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So here’s a piece of advice for public figures: Think before you speak — especially if you’re going to talk smack about other pols.
Today, The New York Times detailed MTA chief Joseph Lhota’s opposition to subway food bans.
State Senator Bill Perkins, of Harlem, is behind a bill that would fine subway diners up to 250 bucks. Perkins told reporters that he and Lhota had worked together extensively on rat eradication in the past, both contributing to a “rat summit” at Columbia University.
Lhota had this to say of Perkins, according to the Times: “The idea that we worked together in the past goes far beyond the reality…as a legislator, he does nothing but talk and talk and talk, and he does nothing.”
Then, State Senator Adriano Espaillat took to Perkins’s defense, shooting back at Lhota by saying:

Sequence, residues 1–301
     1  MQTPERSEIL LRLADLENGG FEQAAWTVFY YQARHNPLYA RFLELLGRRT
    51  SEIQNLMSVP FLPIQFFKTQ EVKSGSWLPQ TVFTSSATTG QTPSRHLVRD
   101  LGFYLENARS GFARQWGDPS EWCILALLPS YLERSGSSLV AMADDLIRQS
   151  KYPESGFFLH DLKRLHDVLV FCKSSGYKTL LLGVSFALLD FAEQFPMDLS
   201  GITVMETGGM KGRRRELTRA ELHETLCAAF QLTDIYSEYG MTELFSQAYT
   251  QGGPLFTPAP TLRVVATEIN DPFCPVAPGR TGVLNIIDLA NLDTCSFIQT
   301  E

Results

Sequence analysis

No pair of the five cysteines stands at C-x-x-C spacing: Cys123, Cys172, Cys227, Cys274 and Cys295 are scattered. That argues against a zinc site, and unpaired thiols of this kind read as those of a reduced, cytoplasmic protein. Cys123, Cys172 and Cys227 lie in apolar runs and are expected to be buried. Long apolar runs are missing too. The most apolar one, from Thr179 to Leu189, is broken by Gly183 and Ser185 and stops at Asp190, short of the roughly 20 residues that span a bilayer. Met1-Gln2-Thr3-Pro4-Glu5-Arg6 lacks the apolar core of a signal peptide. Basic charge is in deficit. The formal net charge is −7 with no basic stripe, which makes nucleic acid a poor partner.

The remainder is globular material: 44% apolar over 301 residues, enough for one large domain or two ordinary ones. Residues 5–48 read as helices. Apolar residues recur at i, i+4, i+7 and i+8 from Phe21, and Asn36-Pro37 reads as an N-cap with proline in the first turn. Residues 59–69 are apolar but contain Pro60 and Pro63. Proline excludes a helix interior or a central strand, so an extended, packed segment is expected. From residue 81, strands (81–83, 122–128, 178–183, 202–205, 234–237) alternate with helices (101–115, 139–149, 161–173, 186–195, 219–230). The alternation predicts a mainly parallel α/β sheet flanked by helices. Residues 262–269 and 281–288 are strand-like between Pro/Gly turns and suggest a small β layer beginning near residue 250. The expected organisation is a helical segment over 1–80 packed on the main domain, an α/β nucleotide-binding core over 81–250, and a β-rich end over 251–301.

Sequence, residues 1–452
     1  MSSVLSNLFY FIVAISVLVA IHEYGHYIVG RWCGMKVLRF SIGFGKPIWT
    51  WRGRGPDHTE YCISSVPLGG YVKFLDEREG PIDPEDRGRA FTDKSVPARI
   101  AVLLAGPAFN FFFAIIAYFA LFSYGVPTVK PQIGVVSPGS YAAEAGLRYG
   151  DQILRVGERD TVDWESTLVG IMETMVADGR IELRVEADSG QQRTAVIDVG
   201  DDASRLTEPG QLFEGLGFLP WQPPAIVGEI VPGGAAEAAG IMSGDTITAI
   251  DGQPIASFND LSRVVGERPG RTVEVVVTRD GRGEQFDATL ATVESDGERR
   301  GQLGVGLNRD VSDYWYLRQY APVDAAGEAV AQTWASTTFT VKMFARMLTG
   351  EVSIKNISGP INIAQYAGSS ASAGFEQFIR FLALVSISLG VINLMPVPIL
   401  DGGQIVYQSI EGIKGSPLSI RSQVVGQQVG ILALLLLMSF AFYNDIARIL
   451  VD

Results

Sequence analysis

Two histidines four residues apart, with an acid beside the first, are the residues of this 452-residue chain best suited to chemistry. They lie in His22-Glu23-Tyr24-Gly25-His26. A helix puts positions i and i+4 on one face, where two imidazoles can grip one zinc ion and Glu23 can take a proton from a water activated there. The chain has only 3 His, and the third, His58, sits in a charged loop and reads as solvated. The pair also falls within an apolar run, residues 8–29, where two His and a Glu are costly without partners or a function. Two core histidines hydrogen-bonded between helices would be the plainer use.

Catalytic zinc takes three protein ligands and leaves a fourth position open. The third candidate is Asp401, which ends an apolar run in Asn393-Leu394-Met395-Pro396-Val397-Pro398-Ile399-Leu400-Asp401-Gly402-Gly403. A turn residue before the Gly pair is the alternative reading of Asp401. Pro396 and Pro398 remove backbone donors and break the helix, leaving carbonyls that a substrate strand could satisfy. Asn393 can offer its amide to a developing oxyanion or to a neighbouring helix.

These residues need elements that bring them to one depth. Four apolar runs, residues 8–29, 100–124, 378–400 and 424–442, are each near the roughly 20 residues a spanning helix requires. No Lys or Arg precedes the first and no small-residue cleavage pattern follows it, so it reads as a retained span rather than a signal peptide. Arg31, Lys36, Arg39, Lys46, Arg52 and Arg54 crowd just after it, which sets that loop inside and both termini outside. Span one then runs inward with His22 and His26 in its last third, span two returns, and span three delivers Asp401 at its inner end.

Commissioner Lhota should be focused on improving subway services, not taking on elected officials. Last I checked, it was part of the MTA commissioner’s job to collaborate, not pick fights with state legislators. Commissioner Lhota’s remarks in the New York Times are immature and counterproductive. Whether or not you agree with Senator Perkins’, or any other senator’s legislation, it’s inappropriate to level personal attacks, instead of focusing on the issues. I urge Commissioner Lhota to offer Senator Perkins an apology and get back to work, fixing the MTA.
Lhota issued a mea culpa around 2:30 today, writing:
I would like to apologize to Senator Perkins for my comments in the NY Times today. Bill is an excellent legislator with great constituent services, and I share his commitment to addressing the problem of rat proliferation in New York City. Though we agree on many rat related issues, we disagree on banning food on the subways. I have a great deal of respect for Senator Perkins.
Meanwhile, the rats don’t give a damn about any of this infighting and will probably keep spreading disease just like before this petty conflict.